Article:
Once a vital part of local economies in Ireland, peatlands are now drying out across Europe, reducing their ability to absorb CO2.
Findings published to Nature Geoscience by researchers in the UK have shown that peatlands which were once considered one of Europe’s greatest carbon sinks could be about to do the complete opposite as a result of the climate crisis.
According to the BBC, peatlands hold almost five times more CO2 than forests. However, this recent study found that 31 peatlands across Ireland, England, Scandinavia and continental Europe are experiencing substantial change.
It said that 40pc were found to be drier than they have been in the past 1,000 years, while 24pc were drier than they have been in the past 2,000 years.
It’s estimated that Britain and Ireland alone hold 20pc of the world’s blanket bog. But globally, the International Union for Conservation of Nature estimates that as much as 15pc of the world’s peatlands – covering 0.4pc of the planet’s surface – have been drained.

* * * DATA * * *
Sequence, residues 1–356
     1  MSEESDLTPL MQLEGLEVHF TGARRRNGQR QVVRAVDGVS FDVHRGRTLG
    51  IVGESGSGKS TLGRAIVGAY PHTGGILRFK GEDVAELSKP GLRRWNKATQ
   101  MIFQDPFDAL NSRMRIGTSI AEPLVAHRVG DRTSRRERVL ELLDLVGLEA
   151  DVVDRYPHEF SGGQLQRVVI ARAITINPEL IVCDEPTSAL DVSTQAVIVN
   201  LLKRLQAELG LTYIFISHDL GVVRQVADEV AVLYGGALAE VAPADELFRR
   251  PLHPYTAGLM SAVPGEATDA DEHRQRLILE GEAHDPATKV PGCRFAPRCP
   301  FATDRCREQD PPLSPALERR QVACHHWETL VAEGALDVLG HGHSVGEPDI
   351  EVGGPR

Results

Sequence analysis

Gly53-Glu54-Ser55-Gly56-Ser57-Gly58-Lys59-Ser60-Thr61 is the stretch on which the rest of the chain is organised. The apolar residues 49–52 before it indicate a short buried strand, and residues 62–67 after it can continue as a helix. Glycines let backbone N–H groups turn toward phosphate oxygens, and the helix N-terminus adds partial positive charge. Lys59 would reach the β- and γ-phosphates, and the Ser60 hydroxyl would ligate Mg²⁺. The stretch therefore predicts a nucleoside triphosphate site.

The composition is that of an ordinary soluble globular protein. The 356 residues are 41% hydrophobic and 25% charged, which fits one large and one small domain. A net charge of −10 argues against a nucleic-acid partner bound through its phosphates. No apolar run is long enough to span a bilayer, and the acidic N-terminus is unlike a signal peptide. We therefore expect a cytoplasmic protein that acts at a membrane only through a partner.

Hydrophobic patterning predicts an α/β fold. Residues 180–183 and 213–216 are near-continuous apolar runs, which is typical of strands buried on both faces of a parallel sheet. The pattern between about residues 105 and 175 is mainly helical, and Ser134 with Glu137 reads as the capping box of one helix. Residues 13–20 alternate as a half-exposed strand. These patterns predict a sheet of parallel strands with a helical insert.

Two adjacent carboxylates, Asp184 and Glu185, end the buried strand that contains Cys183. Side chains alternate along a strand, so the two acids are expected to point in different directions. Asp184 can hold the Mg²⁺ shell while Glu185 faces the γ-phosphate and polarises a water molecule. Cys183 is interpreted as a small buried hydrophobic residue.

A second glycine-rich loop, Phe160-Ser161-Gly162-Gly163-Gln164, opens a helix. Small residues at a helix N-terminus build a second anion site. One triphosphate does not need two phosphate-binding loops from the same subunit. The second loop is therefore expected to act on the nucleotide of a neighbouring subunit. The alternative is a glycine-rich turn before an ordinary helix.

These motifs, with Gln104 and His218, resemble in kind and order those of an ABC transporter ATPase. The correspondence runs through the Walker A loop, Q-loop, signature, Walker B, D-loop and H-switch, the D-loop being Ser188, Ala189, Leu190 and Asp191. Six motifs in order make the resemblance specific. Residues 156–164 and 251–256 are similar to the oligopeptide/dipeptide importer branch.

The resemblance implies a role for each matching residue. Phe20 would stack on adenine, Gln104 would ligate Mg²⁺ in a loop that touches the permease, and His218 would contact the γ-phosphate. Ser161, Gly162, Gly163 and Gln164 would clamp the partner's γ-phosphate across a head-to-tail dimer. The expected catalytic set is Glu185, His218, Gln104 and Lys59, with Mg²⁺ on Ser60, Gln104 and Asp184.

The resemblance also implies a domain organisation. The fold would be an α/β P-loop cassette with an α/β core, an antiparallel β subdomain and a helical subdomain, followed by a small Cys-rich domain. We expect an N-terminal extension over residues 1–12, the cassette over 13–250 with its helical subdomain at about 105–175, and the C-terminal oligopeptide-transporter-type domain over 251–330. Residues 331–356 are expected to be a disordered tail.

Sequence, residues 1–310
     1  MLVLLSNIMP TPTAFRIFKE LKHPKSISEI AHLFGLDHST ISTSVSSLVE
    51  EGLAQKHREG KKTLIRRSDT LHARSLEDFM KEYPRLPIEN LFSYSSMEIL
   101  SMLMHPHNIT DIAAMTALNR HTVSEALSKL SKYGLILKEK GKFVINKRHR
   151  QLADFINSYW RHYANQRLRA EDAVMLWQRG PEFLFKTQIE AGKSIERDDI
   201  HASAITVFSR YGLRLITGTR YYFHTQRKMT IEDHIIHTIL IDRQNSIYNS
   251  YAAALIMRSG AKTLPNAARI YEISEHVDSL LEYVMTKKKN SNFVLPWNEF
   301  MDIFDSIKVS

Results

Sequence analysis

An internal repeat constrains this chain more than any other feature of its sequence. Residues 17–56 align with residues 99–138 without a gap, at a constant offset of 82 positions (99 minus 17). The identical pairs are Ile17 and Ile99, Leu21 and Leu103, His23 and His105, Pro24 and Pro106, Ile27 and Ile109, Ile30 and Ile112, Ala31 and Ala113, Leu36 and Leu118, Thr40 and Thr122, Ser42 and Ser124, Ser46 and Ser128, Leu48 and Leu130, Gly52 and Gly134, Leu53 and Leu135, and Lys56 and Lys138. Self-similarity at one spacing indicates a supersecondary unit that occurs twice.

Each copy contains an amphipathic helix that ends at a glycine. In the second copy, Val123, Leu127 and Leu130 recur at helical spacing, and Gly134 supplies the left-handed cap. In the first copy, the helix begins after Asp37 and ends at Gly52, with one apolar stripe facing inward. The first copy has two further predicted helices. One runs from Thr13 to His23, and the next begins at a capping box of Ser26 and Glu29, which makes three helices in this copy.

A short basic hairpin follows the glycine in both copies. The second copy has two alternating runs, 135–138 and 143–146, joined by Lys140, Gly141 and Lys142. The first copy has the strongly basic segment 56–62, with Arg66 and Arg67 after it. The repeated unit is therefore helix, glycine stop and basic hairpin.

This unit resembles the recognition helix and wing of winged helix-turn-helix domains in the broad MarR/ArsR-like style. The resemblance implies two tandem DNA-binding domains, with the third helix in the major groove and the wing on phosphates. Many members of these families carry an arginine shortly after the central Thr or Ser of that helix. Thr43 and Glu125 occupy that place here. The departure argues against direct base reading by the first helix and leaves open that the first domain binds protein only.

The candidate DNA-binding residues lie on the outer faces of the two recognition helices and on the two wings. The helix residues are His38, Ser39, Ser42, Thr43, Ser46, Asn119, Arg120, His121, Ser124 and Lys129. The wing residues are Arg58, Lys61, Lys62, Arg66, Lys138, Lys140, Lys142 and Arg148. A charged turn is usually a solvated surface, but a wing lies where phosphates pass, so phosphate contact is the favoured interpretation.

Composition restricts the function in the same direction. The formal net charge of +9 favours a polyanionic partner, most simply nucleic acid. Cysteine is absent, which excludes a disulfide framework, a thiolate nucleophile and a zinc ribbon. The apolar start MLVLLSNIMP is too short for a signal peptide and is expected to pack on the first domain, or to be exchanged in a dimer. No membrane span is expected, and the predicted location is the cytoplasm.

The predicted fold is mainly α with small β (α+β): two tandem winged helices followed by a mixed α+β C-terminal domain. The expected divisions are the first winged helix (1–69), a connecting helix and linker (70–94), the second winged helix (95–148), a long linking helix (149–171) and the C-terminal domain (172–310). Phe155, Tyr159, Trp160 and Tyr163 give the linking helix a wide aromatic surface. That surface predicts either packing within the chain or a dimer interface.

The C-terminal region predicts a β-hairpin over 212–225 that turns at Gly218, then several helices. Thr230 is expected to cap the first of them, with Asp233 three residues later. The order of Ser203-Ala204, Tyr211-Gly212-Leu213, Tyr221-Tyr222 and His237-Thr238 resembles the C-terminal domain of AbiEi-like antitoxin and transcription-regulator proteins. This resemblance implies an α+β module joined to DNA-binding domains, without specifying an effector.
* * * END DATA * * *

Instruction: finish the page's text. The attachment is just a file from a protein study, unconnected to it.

‘Not good news for our planet’
This is a worrying development, according to Dr Maarten Blaauw of Queen’s University Belfast, who said that this continental drying is changing the ability of peatlands to absorb CO2, turning them into carbon sources rather than sinks. “This is not good news for our planet,” he added.
Dr Graeme Swindles of the University of Leeds, who was lead author of the study, warned that action needs to be taken to safeguard peatlands from further destruction.
“The combined pressure of climate change and human impacts may push these vitally important carbon storing ecosystems into becoming a global source of carbon emissions,” he said.
The protection of the world’s peatlands was among the eight steps put forward by climate and agricultural scientists last year ahead of the COP24 climate talks, which were held in the Polish city of Katowice. The scientists argued that regulations should be enforced to prevent their burning and drainage for fuel.